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Alcoholism, overeating chemically linked

The same brain chemical thought to increase our desire to overeat also appears to increase alcoholic tendencies, according to research released Tuesday.

A new study examined the behavior of drunken rats, but has implications for humans, researchers say. Scientists injected tiny amounts of the neuropeptide galanin, which has been shown to trigger excessive eating, into rats' brains and monitored their eating and drinking behaviors. Their water consumption did not change, but they drank far more alcohol after being injected with the appetite-increasing chemical.

Previously, the researchers found that drinking alcohol increased the amount of galanin in the brain. They described this effect as a "positive feedback loop" between alcohol and the chemical, which also appears to prompt cravings for fatty foods. Foods high in fat have also been shown to trigger a similar feedback loop involving galanin.

"We definitely think there's a linkage there," said Michael Lewis, a Princeton University psychology researcher and one of the study's authors.

While the rats began drinking more after injection with galanin, they showed no increase in eating. The researchers correlated this result with studies showing that alcoholics often stop eating regularly as they drink more.

"In dependent individuals that system sort of gets shifted," Lewis said. "Instead of being motivated by fat, it's motivated by ... alcohol."

Rats are noctural, and while they drank more alcohol at night in this study, they also drank during the day — when they usually sleep — and exhibited similar sleep disturbances to those suffered by alcoholics.

Galanin in the brain appears to increase the presence of dopamine, a neurotransmitter closely tied to the body's sense of pleasure. Many addictive substances, including nicotine and cocaine, are thought to trigger the release of dopamine, which accounts for part of the addictive high.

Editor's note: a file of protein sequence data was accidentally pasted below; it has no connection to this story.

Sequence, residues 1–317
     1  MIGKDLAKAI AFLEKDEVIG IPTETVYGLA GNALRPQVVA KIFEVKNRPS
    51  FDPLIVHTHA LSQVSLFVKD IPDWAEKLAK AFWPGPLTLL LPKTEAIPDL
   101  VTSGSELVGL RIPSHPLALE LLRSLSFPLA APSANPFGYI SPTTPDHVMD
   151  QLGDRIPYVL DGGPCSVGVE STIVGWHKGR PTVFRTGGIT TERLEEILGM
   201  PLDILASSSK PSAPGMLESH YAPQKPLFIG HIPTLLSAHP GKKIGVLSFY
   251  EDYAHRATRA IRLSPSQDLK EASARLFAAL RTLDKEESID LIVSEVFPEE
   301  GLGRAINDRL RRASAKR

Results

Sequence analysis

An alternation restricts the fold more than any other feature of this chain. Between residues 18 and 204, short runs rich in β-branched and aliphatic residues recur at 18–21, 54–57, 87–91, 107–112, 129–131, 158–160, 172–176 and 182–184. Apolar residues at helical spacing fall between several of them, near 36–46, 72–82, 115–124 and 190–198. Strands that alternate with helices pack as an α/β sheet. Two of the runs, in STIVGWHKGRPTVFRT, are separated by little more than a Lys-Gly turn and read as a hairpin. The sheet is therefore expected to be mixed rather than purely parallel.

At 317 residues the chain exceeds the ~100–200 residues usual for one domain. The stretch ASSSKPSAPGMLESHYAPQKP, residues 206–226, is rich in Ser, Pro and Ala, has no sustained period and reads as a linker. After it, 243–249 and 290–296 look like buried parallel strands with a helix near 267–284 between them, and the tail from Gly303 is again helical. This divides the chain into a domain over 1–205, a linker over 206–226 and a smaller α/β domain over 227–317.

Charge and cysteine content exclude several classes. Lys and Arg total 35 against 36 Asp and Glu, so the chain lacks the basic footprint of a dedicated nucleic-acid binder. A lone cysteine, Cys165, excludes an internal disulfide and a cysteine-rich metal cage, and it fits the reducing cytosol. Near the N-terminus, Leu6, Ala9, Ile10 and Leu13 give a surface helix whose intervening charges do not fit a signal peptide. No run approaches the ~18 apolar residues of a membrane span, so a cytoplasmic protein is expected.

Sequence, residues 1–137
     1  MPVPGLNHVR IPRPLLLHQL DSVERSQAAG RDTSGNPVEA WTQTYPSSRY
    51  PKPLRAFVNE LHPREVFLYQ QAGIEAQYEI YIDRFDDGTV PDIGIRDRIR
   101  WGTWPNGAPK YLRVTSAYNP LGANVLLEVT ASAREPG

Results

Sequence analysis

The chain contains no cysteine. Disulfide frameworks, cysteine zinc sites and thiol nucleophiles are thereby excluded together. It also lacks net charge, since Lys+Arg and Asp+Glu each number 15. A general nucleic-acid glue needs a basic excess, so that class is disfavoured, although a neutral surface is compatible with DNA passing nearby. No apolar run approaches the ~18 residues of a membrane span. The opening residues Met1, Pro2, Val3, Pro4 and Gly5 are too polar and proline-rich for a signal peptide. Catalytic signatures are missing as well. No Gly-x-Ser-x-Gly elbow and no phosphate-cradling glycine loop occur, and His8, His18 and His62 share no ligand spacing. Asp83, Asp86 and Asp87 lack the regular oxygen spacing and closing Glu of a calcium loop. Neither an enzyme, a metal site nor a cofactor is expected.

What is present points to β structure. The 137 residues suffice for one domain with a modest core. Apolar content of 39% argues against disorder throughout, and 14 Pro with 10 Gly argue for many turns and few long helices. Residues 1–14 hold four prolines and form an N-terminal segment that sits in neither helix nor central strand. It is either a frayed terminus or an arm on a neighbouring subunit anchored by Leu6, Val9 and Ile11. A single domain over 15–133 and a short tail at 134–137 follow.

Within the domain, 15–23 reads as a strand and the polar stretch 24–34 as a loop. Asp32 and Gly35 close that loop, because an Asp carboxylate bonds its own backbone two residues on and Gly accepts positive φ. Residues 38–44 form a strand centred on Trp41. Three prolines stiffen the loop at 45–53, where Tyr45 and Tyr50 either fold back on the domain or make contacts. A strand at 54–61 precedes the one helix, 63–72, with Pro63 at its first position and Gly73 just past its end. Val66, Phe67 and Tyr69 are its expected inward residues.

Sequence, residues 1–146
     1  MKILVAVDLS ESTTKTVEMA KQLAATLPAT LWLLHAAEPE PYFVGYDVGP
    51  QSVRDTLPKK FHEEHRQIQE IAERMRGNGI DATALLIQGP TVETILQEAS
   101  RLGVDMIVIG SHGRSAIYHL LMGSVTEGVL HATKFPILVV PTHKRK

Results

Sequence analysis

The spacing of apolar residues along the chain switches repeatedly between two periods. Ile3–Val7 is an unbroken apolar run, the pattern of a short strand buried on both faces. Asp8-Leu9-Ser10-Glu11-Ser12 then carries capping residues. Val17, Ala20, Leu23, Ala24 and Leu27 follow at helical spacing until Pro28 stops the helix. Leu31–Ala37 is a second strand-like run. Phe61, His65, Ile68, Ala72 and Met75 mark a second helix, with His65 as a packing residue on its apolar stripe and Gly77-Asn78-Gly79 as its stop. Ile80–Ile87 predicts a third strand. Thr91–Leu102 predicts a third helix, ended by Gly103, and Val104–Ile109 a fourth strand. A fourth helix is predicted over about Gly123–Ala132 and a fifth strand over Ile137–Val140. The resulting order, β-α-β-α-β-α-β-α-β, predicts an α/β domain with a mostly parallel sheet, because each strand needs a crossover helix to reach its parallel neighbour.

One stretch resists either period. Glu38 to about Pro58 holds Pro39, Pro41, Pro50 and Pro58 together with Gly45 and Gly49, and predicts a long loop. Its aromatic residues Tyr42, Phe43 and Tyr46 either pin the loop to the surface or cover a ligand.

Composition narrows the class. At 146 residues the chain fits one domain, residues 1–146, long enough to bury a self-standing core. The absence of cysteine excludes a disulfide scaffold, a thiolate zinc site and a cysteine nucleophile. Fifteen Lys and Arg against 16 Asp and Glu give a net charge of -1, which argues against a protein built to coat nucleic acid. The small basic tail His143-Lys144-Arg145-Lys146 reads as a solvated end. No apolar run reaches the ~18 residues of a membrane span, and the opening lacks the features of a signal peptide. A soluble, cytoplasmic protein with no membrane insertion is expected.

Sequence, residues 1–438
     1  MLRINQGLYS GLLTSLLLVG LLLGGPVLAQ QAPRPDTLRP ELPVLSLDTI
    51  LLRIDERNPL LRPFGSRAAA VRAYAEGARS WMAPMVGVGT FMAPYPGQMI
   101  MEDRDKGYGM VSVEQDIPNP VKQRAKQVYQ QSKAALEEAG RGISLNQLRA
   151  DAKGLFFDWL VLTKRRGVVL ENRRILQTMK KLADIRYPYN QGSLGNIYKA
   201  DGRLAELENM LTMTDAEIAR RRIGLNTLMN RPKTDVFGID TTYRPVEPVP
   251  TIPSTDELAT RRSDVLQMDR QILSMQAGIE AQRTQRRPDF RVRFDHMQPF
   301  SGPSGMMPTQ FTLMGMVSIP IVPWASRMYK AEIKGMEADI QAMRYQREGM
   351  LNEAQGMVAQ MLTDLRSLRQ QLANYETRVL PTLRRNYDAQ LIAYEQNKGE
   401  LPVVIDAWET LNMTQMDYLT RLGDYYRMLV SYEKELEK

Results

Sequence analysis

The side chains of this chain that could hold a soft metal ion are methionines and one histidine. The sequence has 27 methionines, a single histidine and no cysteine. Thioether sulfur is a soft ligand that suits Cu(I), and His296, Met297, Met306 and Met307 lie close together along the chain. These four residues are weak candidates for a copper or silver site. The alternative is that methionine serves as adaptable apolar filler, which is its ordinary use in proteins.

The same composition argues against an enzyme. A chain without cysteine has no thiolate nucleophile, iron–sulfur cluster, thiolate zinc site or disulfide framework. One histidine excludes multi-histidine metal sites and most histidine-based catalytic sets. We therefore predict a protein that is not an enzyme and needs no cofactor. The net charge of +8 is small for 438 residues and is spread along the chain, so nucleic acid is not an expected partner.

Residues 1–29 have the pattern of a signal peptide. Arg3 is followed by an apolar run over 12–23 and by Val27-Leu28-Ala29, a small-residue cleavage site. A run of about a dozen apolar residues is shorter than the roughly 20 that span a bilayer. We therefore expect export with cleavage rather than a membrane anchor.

A caloric effect?

Unlike most addictive substances, both alcohol and food are caloric, which links galanin specifically not only to an addiction but to an addiction focused on calories, especially those from high-fat foods.

Rockefeller University researcher Sarah Leibowitz, who took part in the current research, found in an earlier study that a single high-fat meal — the rodent equivalent of a bacon double cheeseburger — increased levels of galanin in rats' brains.

Dozens of neuropeptides like galanin have been linked to eating, but the latest research helps underscore galanin as one of the best understood elements of behavioral links between overeating and overdrinking. The study was published in the December issue of the journal Alcoholism: Clinical and Experimental Research.

Both fat and alcohol can lead to "nonhomeostatic" behavior, Leibowitz said, meaning that we keep consuming them beyond the point that our bodies would otherwise tell us we've had enough.

But she said it wasn't clear that the same psychological dependencies prompted by alcohol can be seen in fatty foods.

"There's no question that we do overconsume fat," Leibowitz told "We like the taste of it. It has positive aspects to it. But that's a far cry from addiction."

'An intriguing possibility'

Todd Thiele, an associate professor at the University of North Carolina at Chapel Hill's Bowles Center for Alcohol Studies, said the latest results indicated "an intriguing possibility" that galanin plays a key role in regulating abuse of both food and alcohol. But he noted that more work is needed to understand whether galanin is triggered by alcohol's inebriating effects or its calories.

"It's hard to know if animals are drinking more alcohol because the galanin is making the alcohol more rewarding," he said. "These are important issues that need to be teased out."

Leibowitz said forthcoming research is expected to show a direct connection between fat and alcohol intake: "We do know that the more fat we eat, the more alcohol we want to drink."

If galanin is eventually shown to play a large role in regulating both eating and drinking, drugs that control its function in the brain could potentially help stem the effects of alcoholism and overeating. When the researchers tried a galanin blocker, they found the rats drank somewhat less during the first hour after injection.

But any such medicine is years away. No effective compounds have emerged to limit galanin's impact over a sustained period of time.

While galanin's fat-craving effects haven't been explicitly tied to obesity, the latest study bolsters theories that overeating has similar triggers and impacts as alcoholism, and that treatments for both may require similar approaches.

"What we're focusing on is trying to make that connection between overeating and overdrinking and what's going on in the brain, and we're delighted that we see some connections there," said Lewis.